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Socialisation Essay

1541 words - 6 pages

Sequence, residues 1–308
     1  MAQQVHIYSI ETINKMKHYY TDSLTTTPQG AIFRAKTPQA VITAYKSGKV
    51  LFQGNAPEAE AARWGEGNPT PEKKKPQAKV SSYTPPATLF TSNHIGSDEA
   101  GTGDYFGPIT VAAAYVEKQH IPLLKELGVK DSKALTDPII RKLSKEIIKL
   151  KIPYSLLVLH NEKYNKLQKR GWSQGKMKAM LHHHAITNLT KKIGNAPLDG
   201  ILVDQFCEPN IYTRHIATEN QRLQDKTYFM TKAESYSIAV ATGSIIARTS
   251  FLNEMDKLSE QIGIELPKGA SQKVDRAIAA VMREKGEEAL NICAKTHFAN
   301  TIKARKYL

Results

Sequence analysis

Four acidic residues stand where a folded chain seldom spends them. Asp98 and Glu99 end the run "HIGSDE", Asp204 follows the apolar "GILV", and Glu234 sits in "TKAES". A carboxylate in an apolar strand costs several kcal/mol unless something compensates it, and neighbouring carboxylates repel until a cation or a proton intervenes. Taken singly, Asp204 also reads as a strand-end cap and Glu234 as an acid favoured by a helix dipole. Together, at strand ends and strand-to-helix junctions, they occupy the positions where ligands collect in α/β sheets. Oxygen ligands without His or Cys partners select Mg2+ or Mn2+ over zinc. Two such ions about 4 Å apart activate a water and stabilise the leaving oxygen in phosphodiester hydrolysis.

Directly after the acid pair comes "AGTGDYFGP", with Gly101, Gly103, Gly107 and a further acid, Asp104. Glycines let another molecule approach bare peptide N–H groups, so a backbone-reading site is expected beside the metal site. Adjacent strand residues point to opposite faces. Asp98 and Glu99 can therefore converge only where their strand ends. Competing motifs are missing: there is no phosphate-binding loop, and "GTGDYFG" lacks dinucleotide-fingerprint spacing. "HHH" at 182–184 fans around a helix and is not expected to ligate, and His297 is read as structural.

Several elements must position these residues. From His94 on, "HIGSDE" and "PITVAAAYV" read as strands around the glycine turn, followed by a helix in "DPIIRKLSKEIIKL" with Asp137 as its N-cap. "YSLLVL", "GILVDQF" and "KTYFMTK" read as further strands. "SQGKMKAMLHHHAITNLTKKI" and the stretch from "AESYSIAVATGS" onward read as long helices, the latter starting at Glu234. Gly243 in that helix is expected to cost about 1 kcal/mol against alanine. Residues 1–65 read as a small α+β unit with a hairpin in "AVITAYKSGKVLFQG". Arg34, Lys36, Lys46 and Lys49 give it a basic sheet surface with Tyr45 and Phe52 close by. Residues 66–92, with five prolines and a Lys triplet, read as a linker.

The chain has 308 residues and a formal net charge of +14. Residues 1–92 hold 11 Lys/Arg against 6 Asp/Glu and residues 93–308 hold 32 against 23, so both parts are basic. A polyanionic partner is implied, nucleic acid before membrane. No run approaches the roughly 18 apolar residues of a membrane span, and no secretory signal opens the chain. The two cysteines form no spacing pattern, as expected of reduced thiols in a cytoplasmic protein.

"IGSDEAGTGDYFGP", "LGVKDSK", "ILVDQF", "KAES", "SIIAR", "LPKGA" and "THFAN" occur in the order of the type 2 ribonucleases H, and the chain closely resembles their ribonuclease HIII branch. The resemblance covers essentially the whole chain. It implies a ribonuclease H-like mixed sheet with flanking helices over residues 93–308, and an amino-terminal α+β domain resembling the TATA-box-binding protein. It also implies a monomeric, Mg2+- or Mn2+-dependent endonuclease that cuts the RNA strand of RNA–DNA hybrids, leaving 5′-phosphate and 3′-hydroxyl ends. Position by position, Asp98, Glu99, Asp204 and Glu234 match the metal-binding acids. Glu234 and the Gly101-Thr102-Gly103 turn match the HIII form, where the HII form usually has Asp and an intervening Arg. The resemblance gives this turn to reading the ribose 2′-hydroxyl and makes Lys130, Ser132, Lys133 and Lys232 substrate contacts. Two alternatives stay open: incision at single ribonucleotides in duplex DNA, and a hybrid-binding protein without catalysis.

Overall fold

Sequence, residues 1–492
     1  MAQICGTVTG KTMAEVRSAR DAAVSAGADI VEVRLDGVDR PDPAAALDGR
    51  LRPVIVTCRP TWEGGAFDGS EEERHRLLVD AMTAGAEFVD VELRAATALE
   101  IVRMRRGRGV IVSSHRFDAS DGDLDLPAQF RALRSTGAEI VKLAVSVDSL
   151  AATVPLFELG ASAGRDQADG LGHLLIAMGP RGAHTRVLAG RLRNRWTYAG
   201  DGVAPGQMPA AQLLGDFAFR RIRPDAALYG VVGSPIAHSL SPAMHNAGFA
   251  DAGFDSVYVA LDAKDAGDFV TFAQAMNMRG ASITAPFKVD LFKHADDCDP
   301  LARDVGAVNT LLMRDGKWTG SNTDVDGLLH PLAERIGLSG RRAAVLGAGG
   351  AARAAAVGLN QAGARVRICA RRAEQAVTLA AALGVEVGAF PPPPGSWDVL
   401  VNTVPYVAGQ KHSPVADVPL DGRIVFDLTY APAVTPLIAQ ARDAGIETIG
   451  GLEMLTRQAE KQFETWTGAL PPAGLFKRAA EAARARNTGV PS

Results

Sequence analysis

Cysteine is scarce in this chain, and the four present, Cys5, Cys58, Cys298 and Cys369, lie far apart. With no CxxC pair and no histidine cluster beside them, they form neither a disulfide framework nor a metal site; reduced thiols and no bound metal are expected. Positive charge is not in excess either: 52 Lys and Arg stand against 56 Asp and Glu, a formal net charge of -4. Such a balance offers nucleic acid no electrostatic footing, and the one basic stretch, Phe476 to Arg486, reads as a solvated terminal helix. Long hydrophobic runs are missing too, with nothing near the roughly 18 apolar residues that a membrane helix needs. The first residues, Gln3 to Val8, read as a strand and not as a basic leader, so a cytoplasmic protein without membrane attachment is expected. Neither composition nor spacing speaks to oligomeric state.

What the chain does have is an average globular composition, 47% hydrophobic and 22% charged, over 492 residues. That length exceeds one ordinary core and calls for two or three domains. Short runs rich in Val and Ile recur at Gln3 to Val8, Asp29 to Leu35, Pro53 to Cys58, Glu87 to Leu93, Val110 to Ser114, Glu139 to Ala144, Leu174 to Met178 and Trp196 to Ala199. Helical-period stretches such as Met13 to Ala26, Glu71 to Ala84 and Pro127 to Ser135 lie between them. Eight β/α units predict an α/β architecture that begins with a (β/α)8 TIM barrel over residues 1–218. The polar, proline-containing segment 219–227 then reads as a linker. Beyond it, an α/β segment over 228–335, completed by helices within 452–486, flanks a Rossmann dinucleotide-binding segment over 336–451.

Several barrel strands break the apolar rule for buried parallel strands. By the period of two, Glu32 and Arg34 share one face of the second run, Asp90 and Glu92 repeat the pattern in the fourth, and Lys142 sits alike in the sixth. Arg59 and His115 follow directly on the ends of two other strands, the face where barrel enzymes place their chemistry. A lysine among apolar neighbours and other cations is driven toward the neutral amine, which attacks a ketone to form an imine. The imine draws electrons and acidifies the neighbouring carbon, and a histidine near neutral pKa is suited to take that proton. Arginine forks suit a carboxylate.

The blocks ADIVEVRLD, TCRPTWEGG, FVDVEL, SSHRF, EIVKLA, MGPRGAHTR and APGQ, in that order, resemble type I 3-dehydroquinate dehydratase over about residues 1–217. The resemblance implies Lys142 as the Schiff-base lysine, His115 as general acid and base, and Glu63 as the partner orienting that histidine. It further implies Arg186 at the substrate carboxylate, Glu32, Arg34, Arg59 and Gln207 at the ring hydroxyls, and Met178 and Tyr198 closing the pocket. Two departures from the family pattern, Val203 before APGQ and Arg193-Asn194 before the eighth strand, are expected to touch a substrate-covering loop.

By nature, humans are social creatures. In order to survive, individuals need tofulfill more than their physical requirements. Interactions with others in the communityassists people to become culturally alert, a process that makes possible an enduringsociety. The complex and ubiquitous learning process, through which children developan awareness of social norms and values, and achieve a distinct sense of self in order tobecome functional members in a society, is referred to as socialisation.This essay will use an extensive collection of texts to examine the process ofsocialisation, articulating how such a process contributes to society as a whole.Socialisation is a life long learning process that is essential to human existenceand development. The understanding of societies norms; the conceptions of appropriateand expected behavior, enables the individual to internalise society's values, andplay out a variety of roles in order to produce behavior consistent with cultural ideals.An instance of this occurs when a young child learns to share her toys with otherchildren, a skill which is applied in adulthood.As society reproduces itself, cultural values transmit and are renewed. This isevident in the increase of women in the workplace, in previous generations the woman'srole was more of a domestic nature.Society is always shifting and people are frequently faced with learning how tobehave in innovative and diverse conditions. Therefore, when examining thesocialisation process, two basic types of socialization may be identified.Primary socialisation occurs between the individual and those people in their lifewith whom they directly have chief relationships with, over an extended period of time.In a family group a child actively learns many of the basic characteristics of being afunctional member of society. They acquire many skills such as the advancement oftheir psychological development, as they learn what constitutes an immoral act.In direct contrast to this, a secondary socialisation is resembles rather impersonalassociations; the context is much more formal and roles tend to be highly structured.For example, the formation of parliamentary committees devised to address communityviews on legislation regarding injecting rooms.However, the process of secondary socialisation is necessary because it representsthe way humans start to learn about the nature of the social world beyond their primarycontacts; an essential part of socialisation should they desire to successfully be a part ofthe wider society.One of the most essential aspects of socialization is the individual's obtainmentof a sense of self, the unique set of traits, behaviors and attitudes that distinguishes oneperson from the next, and acts as both a passive and active source of behavior. Thisobtainment of the self occurs interactively between the individual and the community,rather than being 'determined' by society. Individuals are created and styled by theirsocial environment; in turn,...

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